New Life, New Lives At Old House
Suffragist's home to serve as women's halfway
October 22, 2002
By Frank Brieaddy, Staff writer
The final - and largest - piece of financing has been
secured to turn the historic Harriet May Mills house at 1074 W. Genesee St.
into an 11-bed halfway house for women in recovery from alcohol and drug
Robert V. Shear, president of Syracuse Brick House, said his
nonprofit group recently received confirmation of up to $341,500 for the
project from the state Office of Temporary and Disability Assistance through
its Homeless Housing and Assistance Program.
The renovation, which will result in the first new licensed
halfway house in the city for recovering addicts since 1969, has financing
commitments totaling $731,500 from the state, the city of Syracuse and
Mills, a prominent women's suffragist and the first woman to
run for statewide office in New York, lived most of her life in the house
that was built for her parents about 1857. The home was later a hardware
It was slated for destruction to make way for a carwash when
Syracuse Brick House teamed with local historic preservationists to save the
"It's the only remaining home of a prominent 19th-century
reformer left in the city of Syracuse," Shear said.
He said the renovated house will become a stop on the new
National Women's Rights National History Trail.
Historic preservation will have to be blended with existing
local housing codes and state requirements for halfway houses.
"We're going to restore the outer portion so that it looks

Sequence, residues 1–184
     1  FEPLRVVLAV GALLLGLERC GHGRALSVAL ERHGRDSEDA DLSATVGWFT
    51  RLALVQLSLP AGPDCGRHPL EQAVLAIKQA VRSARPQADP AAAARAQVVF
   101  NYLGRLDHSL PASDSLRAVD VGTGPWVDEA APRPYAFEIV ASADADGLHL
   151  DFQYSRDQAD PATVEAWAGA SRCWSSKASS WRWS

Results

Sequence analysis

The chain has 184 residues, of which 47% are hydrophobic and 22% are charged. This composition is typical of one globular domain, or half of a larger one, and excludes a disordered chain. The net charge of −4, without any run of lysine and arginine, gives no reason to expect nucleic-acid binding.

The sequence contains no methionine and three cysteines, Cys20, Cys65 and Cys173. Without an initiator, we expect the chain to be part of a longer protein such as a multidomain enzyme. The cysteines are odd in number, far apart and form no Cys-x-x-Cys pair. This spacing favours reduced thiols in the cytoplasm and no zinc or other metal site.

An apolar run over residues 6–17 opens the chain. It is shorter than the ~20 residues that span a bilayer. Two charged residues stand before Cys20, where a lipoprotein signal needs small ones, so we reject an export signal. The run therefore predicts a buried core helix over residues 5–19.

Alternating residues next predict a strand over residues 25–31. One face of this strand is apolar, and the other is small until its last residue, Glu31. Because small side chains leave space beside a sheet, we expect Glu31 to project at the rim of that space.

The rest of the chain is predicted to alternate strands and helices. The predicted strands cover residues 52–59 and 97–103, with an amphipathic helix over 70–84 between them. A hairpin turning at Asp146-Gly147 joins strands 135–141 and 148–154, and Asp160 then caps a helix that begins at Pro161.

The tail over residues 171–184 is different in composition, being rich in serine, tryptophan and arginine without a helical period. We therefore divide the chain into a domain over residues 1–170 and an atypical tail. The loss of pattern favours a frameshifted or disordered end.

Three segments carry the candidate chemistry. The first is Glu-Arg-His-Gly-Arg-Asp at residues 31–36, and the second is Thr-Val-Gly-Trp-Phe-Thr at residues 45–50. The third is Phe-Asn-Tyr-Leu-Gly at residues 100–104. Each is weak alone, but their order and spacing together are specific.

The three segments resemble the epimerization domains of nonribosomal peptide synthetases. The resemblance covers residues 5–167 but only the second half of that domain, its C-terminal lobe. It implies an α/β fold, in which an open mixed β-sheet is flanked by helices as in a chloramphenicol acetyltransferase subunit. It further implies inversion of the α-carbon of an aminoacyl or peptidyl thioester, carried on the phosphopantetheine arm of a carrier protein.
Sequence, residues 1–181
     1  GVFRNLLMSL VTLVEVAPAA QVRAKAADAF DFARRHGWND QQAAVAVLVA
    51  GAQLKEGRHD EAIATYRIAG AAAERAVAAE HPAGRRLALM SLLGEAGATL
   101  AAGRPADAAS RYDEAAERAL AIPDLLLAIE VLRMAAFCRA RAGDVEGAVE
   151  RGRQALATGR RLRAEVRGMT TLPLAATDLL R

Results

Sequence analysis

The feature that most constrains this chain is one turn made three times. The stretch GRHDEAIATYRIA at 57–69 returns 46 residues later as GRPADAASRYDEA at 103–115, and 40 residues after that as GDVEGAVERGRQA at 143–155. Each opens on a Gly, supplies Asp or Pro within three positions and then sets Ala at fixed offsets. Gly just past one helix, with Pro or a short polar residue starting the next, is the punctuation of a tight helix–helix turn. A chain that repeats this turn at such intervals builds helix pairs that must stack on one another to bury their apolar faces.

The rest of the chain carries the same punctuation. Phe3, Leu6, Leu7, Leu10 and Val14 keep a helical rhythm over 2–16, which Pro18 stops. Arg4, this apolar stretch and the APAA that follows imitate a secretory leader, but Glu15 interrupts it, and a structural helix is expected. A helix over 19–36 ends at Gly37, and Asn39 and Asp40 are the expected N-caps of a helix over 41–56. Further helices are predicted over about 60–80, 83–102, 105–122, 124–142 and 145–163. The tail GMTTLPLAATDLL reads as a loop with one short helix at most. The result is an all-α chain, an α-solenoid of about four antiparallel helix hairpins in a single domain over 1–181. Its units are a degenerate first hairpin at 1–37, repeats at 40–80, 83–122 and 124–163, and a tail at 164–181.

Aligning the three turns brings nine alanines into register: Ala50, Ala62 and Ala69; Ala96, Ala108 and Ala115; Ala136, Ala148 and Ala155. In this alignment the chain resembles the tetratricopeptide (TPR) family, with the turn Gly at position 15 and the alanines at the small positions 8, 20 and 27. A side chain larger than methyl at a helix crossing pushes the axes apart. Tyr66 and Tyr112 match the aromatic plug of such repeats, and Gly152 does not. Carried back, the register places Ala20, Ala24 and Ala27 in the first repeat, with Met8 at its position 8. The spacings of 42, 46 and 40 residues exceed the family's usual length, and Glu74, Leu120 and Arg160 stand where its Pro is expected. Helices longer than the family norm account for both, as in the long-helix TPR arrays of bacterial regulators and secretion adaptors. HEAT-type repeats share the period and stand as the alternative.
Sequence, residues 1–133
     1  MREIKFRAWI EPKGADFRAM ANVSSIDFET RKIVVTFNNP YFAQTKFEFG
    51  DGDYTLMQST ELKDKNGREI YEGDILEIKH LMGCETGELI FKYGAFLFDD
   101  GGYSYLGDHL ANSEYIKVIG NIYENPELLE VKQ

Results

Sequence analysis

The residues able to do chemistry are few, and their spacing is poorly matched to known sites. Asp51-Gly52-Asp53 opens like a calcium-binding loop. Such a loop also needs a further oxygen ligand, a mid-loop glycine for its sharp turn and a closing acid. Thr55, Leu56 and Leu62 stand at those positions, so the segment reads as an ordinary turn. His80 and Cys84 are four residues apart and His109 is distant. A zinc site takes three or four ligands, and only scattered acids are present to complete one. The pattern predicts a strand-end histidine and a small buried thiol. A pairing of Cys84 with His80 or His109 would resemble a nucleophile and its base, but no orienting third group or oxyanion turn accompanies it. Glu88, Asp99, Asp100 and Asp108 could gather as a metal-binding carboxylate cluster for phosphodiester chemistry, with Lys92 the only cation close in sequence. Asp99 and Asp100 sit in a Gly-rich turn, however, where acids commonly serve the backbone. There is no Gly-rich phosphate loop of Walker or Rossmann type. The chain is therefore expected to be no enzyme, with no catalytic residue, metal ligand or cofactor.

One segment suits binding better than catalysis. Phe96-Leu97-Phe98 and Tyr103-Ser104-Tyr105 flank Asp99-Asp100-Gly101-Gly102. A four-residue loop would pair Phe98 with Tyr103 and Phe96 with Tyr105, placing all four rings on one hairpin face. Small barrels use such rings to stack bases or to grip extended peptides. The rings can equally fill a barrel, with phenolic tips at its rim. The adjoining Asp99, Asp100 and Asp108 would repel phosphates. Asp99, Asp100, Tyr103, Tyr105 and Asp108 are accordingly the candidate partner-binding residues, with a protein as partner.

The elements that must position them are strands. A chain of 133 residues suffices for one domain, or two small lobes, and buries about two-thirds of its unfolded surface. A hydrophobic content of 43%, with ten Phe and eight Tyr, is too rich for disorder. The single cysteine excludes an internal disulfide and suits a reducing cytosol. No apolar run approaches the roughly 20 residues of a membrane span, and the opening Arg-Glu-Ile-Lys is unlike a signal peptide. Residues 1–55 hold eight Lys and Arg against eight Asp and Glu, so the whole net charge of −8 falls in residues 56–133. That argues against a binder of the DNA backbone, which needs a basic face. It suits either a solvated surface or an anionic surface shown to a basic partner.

pretty much the way it looked 100 years ago," Shear said. He
said most of the interior will be gutted to provide modern
utilities, bedrooms, laundry and recreational space suitable for 11 women.
Some interior details will be preserved, among them an
ornate staircase and original fireplaces.
"It's going to be a challenging integration of all the
regulations that apply," said project architect Randy Crawford of Crawford &
Stearns, specialists in historic preservation.
Shear said he foresees significant negotiations over the
renovation plans with historic-preservation experts and state officials
concerned about safety and health issues.
Crawford said he was optimistic that everything could be
"Preservation doesn't have to be that big a deal, if you
approach it in the right way," he said.
The goal is to have the design completed by early next year,
the review phase done in the spring and construction under way by summer,
Shear said. The house will be finished by the end of 2003 at the earliest.
The women who stay in the halfway house for an average of
six months will be leaving inpatient treatment for their addictions, but
continuing outpatient counseling while they work on job skills and seek
their own housing.
Syracuse Brick House, which operates two men's halfway
houses and another women's halfway house, is a program of Syracuse
Behavioral Healthcare, which offers state-licensed inpatient and outpatient
addiction treatment and transitional housing for about 300 clients a year.